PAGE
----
5 Reasons Why Japanese Don’t Speak English


If you are from an English speaking country and planning to visit Japan, I highly recommend you to learn some of basic Japanese at least.

In fact, English is not widely spoken in Japan, and it will be very difficult for you to communicate with locals.


But why??


Well, some people might say English education in Japan is bad, Japanese people are so conservative, or simply Japanese language is very different from English.

All of those might be true, but when we look at the country from cultural and economical aspect, there are specifically five reasons.


So in this article, I will explain why Japanese people don’t speak English. 



Table of Contents

1. Western Colonization 


When we think of other Asian countries such as India, Malaysia, Singapore, Philippines, or Hong Kong, their native languages are also very different from English.

But in those areas, people still speak English fluently.


The common thing that applies to those countries is that Western colonization took place in some point of history.

The Philippines was under the American rule until WWII.


Singapore had been colonized by the United Kingdom for almost a century and a half.

Hong Kong was also a part of the U.K. until the recent days.


The same goes for India and Malaysia.

Not to mention, the Western colonization gave so much cultural influence and impacts on languages in Asia. 


But other Asian countries like Japan, China, and Korea that were not colonized by the West, English is not common.

Thus, Western colonization is one of the biggest factor that Japanese people don’t speak much English.



2. Demography


Japan is an island country located in Far East Asia, and this geographical factor made an extremely homogeneous society.

Especially during Edo Period (1603 – 1868), Japan had an isolation policy and used to close the border prohibiting anyone from travelling, coming in, or trading with foreign people for more than 250 years. 


This strict policy made their own prosperous and rich culture within the country, and it is still going on today.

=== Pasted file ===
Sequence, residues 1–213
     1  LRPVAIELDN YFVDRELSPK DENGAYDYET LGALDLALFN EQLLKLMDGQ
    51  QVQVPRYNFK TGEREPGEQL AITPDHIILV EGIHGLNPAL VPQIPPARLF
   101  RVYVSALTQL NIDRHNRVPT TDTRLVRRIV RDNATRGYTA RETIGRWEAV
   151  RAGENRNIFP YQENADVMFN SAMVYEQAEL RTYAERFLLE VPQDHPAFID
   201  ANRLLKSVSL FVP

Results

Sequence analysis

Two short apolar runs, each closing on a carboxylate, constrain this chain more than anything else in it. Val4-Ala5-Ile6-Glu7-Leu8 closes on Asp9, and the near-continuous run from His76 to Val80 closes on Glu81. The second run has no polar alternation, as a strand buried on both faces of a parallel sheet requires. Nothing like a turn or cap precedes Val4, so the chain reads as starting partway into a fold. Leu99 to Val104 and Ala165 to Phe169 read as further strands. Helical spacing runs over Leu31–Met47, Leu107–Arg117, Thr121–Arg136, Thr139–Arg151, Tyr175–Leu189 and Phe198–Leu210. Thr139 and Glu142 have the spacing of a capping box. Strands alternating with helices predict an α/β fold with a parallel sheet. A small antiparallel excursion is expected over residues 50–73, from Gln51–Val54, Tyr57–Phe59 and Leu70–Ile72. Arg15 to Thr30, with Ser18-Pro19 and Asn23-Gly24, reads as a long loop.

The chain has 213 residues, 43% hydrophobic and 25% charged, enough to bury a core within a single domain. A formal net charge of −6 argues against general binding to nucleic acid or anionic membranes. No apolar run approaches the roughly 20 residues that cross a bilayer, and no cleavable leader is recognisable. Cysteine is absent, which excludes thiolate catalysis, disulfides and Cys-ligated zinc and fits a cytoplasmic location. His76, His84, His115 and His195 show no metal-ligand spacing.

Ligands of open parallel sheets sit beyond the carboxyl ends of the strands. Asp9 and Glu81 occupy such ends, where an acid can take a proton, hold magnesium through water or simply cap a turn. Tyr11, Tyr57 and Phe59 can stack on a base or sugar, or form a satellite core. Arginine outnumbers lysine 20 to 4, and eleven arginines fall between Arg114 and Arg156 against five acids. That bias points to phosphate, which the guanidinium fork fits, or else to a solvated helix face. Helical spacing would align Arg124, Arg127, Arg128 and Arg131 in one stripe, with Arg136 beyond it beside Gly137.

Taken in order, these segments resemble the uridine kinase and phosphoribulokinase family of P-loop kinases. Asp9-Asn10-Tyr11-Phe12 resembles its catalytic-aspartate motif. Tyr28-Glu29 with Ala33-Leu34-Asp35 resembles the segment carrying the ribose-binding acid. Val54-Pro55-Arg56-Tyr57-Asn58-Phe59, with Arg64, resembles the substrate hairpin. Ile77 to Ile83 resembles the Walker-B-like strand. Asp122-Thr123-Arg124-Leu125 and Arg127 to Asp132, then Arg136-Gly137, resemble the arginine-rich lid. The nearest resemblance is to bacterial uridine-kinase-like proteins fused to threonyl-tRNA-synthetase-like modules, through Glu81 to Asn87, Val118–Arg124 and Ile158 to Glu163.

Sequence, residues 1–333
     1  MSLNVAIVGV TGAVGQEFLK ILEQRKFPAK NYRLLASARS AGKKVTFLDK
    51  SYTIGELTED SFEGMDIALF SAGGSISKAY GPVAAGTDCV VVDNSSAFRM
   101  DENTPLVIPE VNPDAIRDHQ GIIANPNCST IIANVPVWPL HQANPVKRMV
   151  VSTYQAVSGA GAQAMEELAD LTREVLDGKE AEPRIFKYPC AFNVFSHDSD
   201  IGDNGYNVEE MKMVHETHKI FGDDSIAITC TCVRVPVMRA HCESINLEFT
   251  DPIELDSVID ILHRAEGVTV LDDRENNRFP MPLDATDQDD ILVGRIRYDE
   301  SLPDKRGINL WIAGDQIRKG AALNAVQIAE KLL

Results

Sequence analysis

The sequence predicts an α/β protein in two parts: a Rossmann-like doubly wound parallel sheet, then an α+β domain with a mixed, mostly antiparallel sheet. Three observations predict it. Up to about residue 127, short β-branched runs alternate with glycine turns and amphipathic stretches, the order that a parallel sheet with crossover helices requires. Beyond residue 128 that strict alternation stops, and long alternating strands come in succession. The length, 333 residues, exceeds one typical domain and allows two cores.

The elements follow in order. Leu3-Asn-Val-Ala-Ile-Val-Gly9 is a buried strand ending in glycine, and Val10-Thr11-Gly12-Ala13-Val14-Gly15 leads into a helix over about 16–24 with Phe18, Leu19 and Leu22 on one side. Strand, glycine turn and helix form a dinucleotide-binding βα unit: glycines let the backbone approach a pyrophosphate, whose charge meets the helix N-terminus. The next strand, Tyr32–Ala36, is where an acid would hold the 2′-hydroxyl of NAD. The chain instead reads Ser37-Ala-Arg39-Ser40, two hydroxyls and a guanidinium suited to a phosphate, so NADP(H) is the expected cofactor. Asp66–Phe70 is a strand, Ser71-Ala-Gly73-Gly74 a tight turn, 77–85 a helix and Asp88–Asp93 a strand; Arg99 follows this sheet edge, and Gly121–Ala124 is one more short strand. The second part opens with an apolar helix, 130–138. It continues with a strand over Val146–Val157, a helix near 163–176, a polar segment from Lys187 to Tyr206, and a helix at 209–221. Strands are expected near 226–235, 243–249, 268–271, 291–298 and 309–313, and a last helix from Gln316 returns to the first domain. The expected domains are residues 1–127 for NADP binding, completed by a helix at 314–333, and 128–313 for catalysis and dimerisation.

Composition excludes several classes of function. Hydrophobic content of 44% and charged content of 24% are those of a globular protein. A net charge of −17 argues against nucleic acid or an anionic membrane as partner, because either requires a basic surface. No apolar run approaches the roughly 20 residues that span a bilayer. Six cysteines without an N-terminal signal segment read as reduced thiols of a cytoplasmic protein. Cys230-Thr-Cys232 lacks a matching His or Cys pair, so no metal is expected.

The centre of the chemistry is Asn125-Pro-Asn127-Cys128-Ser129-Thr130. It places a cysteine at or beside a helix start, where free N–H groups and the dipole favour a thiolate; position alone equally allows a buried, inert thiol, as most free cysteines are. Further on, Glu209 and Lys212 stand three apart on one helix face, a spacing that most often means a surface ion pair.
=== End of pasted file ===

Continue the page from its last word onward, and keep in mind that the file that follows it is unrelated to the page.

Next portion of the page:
According to the statistics, the proportion of foreign residents in Japan is only 1.95%. 


Source: Foreign Residents in Japan


This number is extremely low, compared to other countries.

In addition to that, Japanese is its official language, and it is widely standardized throughput the country.


In some countries in Africa, for example, there are so many indigenous languages in one nation. 

For those countries, setting English as an official language is simply convenient for a diverse group of citizens to communicate with one another.


As a result, Japanese people don’t have to speak other languages other than Japanese for communication purposes because almost all people in Japan speak one language.



3. English Is Not Essential, But Optional  


Now we know that in terms of communication, English is not necessarily essential in Japan if you speak Japanese.

It also applies to education and job opportunities.


When Japan finally opened up its borders after the very first trade negotiations with the United States and the Europe, a lot of Western culture came to Japan.

At the same time, so many academic words from the West were translated into Japanese.


That means most of academic materials such as science, technology, engineering, and so on are written and available in Japanese.

However, that is not always the case in many countries and local languages around the world.


If you want to study in university and learn academic subjects, English is often essential. 

For example, in the Philippines, academic subjects in high school level are taught in English.


So in Japan, people don’t really dedicate their time to master English unless they pursue their careers into such industries as international trade, interpreters, travel agency, and so on.  



4. Economy 


After all, Japan has one of the biggest population where more than a million people live and the third biggest economy around the world.

That means there is a huge market and economic opportunities within the country.  


Let’s take an example when you live in a country where you get paid a couple of dollars per hour.

If you speak English, there will be more chances for better paid job than when you speak only your native language.


Many singers around the world sing in English today simply because he/she gets more audience.

Italian artists sing in Spanish since Spanish-speaking population is much bigger.


Some of K-POP singers sing and perform in Japanese as well.


According to the International Federation of the Photographic Industry (IFPI), Japan is the second biggest market next to the U.S. in music industry.


Source: Global music industry market share data


All these economic factors are also big parts of the reason.



5. English Education 


English is not widely spoken in Japan simply because of their English education system.

They study English for more than 6 years in junior high and high school. 


I mean 6 years.


But it focuses too much on grammatical rules and the structure, but never learn how to use them.

It’s not that grammar is useless at all, it’s that it’s not backed up by something more.


English is not considered as a tool of communication, but it is more like a subject of study or a classroom lecture where students learn only principles.



So these are the five reasons why Japanese people don’t speak English.

Of course there are still a lot of Japanese people who fluently speak English.


It only reflects the majority of people and its culture.